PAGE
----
fixed Keyword (unsafe)Use the fixed statement in an unsafe code block. This keyword prevents the memory from being moved.
This page was last reviewed on Mar 24, 2023.
Fixed. The fixed statement fixes memory in one location. Objects in memory are moved at almost any time. This makes garbage collection possible.
But when we use unsafe pointers to memory addresses, that memory must not be moved. With fixed we can use pointers without interfering with GC.
Fixed example. This program must be compiled with unsafe code allowed. You can set this option in Visual Studio. It introduces the Transform method, which gets a random string.
Then The program uses the fixed statement to ensure that the garbage collector does not relocate the string data.
Info Inside the fixed statement is a block of code. The string data pointed to by the char* pointer will not be moved.
And This means we can manipulate that memory however we like. In the example, we increment the value of each character.
Finally The program adds 1 to each character in the string. It does this through pointer manipulation.
using System; class Program { static void Main() { Console.WriteLine(Transform()); Console.WriteLine(Transform()); Console.WriteLine(Transform()); } unsafe static string Transform() { // Get random string. string value = System.IO.Path.GetRandomFileName(); // Use fixed statement on a char pointer. // ... The pointer now points to memory that won't be moved. fixed (char* pointer = value) { // Add one to each of the characters. for (int i = 0; pointer[i] != '\0'; ++i) { pointer[i]++; } // Return the mutated string. return new string(pointer); } } }
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Fixed buffer. The fixed modifier describes a buffer of constant size in an unsafe context in a struct. We use this memory as an array. This can help with performance.
Note The size of the fixed buffer must be constant—you can use a constant expression.
Note 2 The program uses a static struct reference containing a fixed buffer of integers.
Detail In Load and Store(), the program reads and writes values to the fixed buffer using unsafe code and pointers.
using System; unsafe struct FixedBufferExample { public fixed int _buffer[1024]; // This is a fixed buffer. } class Program { static FixedBufferExample _fixedBufferExample; // Reference to struct. static void Main() { // Store values in the fixed buffer. // ... The load the values from the fixed buffer. Store(); Load(); } unsafe static void Store() { // Put the fixed buffer in unmovable memory. // ... Then assign some elements. fixed (int* buffer = _fixedBufferExample._buffer) { buffer[0] = 1; buffer[99] = 2; buffer[1023] = 3; } } unsafe static void Load() { // Put in unmovable memory. // ... Then load some values from the memory. fixed (int* buffer = _fixedBufferExample._buffer) { Console.WriteLine(buffer[0]); Console.WriteLine(buffer[99]); Console.WriteLine(buffer[1023]); } } }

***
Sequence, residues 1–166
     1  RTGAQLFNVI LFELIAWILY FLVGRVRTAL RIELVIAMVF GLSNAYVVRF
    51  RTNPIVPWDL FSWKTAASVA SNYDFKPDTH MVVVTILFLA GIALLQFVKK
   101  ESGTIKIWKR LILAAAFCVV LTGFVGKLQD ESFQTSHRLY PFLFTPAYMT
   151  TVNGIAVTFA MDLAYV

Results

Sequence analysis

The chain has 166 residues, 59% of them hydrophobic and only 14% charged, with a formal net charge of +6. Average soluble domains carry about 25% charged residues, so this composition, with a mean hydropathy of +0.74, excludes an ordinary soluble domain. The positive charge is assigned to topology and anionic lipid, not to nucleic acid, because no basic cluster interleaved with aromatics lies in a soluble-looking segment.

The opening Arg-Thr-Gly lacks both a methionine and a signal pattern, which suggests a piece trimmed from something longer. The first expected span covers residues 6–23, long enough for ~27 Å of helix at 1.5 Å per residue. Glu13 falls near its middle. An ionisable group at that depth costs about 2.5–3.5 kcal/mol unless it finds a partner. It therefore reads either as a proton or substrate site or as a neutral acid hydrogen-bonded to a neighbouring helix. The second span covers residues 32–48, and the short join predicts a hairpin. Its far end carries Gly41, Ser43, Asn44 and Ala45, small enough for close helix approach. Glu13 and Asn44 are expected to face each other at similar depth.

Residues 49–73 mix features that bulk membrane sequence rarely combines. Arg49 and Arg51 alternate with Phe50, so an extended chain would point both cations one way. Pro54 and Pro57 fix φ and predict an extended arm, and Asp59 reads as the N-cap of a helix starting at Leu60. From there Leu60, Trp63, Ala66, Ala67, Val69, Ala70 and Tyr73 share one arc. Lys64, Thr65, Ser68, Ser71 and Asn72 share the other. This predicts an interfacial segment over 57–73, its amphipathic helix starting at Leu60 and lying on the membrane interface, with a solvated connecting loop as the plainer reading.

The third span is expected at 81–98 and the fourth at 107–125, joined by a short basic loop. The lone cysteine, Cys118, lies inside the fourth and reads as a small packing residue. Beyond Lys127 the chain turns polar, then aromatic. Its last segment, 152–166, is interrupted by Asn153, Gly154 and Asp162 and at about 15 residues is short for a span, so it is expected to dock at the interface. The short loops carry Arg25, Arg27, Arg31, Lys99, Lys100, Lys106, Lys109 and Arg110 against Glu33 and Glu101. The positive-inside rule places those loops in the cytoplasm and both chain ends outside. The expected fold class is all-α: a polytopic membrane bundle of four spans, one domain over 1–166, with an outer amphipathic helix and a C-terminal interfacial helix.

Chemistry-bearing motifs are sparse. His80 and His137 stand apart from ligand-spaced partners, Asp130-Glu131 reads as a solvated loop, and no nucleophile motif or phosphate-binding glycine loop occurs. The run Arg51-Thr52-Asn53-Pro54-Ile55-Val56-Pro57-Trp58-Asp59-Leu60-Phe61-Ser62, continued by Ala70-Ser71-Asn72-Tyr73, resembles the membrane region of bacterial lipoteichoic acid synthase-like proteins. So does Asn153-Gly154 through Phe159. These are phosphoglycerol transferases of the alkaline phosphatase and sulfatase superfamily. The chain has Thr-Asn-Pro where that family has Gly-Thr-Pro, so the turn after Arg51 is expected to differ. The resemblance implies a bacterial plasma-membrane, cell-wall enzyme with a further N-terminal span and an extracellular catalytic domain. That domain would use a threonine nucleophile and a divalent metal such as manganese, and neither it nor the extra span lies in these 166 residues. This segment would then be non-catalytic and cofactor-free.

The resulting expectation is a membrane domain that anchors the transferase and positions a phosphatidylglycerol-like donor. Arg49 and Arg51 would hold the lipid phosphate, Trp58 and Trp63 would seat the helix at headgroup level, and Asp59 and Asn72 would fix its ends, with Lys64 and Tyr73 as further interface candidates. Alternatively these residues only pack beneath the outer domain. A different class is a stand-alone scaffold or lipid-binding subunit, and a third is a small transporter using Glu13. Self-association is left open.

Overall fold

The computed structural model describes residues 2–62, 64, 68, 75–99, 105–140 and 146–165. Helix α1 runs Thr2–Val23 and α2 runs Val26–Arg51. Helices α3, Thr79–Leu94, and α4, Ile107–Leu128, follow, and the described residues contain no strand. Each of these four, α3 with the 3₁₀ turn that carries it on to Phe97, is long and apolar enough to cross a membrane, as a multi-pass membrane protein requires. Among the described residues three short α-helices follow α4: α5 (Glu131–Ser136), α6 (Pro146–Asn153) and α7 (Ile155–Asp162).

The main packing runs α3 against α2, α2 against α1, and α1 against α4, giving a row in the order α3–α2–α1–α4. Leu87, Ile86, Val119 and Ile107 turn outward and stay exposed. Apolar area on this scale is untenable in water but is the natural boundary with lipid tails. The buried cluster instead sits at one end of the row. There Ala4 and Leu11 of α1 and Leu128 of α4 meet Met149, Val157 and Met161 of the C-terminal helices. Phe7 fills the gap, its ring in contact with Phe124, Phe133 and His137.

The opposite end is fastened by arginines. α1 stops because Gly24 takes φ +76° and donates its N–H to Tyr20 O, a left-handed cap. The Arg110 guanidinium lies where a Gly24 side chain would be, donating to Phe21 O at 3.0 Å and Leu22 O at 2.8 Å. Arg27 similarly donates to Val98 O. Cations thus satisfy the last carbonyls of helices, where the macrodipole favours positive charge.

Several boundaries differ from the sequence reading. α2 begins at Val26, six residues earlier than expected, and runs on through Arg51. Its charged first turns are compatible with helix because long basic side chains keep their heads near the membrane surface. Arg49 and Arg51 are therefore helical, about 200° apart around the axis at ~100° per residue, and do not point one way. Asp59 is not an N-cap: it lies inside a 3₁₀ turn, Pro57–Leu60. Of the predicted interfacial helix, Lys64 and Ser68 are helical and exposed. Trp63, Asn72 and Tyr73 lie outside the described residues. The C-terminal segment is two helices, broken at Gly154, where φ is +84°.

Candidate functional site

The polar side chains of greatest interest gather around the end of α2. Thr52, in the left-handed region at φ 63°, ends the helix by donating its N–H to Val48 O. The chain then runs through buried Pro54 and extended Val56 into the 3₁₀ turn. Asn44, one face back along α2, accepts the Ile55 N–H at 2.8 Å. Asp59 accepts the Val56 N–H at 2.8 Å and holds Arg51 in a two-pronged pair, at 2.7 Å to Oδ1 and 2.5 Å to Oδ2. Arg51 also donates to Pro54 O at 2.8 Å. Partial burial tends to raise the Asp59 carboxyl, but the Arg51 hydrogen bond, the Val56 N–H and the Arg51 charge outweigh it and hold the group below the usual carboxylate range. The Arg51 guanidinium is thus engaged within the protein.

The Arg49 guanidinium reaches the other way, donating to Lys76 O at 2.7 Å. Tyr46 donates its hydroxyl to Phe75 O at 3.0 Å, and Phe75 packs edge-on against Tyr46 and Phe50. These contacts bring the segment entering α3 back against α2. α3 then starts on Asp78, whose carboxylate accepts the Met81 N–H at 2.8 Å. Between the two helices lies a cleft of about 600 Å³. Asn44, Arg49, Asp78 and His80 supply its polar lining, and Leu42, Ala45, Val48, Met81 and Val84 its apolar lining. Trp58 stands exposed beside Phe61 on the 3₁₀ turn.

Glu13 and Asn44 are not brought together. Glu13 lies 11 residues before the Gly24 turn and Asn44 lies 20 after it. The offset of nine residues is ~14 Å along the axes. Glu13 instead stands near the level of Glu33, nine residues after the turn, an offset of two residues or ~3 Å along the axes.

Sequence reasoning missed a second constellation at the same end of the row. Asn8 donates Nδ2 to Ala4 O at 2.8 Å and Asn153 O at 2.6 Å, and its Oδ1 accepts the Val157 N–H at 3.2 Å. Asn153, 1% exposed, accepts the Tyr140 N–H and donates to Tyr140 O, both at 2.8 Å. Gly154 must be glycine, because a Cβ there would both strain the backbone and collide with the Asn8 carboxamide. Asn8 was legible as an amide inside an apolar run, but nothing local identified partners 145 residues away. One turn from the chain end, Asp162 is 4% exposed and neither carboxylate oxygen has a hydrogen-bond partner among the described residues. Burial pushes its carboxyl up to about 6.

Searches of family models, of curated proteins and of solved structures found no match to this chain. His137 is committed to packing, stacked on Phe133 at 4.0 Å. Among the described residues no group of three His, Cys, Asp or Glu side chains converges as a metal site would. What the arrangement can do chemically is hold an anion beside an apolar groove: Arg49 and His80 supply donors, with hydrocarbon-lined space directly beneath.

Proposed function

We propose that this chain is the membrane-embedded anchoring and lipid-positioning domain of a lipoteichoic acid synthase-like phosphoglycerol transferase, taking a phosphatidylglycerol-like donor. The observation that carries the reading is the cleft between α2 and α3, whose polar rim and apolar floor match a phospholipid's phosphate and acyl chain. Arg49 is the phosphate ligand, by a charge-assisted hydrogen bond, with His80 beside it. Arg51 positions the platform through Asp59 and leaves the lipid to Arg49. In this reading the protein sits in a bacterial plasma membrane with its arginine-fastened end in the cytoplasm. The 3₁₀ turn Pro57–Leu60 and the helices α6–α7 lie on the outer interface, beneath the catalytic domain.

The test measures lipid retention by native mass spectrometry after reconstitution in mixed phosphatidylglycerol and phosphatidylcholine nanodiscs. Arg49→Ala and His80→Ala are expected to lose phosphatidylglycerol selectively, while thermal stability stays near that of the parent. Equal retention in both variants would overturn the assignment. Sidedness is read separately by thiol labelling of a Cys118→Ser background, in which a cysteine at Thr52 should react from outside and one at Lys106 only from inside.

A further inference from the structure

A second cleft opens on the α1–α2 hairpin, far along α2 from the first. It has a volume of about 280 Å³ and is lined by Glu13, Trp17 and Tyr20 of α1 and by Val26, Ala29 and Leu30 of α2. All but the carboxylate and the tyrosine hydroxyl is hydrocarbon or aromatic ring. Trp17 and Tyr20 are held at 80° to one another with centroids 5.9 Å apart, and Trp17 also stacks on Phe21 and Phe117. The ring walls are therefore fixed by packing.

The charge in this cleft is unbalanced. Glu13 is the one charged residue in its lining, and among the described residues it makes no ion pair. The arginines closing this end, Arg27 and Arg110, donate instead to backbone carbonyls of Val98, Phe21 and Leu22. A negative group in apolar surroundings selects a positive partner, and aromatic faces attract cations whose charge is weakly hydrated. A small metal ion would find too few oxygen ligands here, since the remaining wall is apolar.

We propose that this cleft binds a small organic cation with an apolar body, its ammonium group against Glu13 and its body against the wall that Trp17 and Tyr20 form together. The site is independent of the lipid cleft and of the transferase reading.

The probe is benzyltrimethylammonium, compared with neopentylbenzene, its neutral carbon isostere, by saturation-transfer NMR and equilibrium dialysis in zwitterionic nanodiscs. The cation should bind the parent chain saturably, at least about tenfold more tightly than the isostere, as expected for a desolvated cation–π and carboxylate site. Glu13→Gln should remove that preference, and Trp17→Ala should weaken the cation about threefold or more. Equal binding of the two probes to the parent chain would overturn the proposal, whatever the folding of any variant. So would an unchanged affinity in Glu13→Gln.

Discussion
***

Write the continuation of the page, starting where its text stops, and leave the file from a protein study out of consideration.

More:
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Fixed buffer, performance. The fixed buffer eliminates the need of many array bounds checks. But the overhead of changing the memory to an unmovable address often hurts performance.
Info A fixed buffer could be faster on long-running computations that are heavily numerical.
Tip As always, when improving performance, please set up benchmarks and only accept changes that result in an improvement.
Fixed statement, performance. There is a small cost to using the fixed statement. So it will only help on operations that spend significant amounts of time in unsafe code.
Fixed, warning. Optimizing with the fixed statement and pointer manipulation is often trial-and-error. It may make C# programs slower due to the transition from movable to fixed memory.
Thus If you are optimizing, make sure to benchmark all the unsafe changes you make.
A summary. Fixed is used with array elements, integer fields, and any data that is classified as movable—meaning it could be moved in memory during GC. This is a complex optimization.
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Sam Allen is passionate about computer languages. In the past, his work has been recommended by Apple and Microsoft and he has studied computers at a selective university in the United States.
This page was last updated on Mar 24, 2023 (edit).
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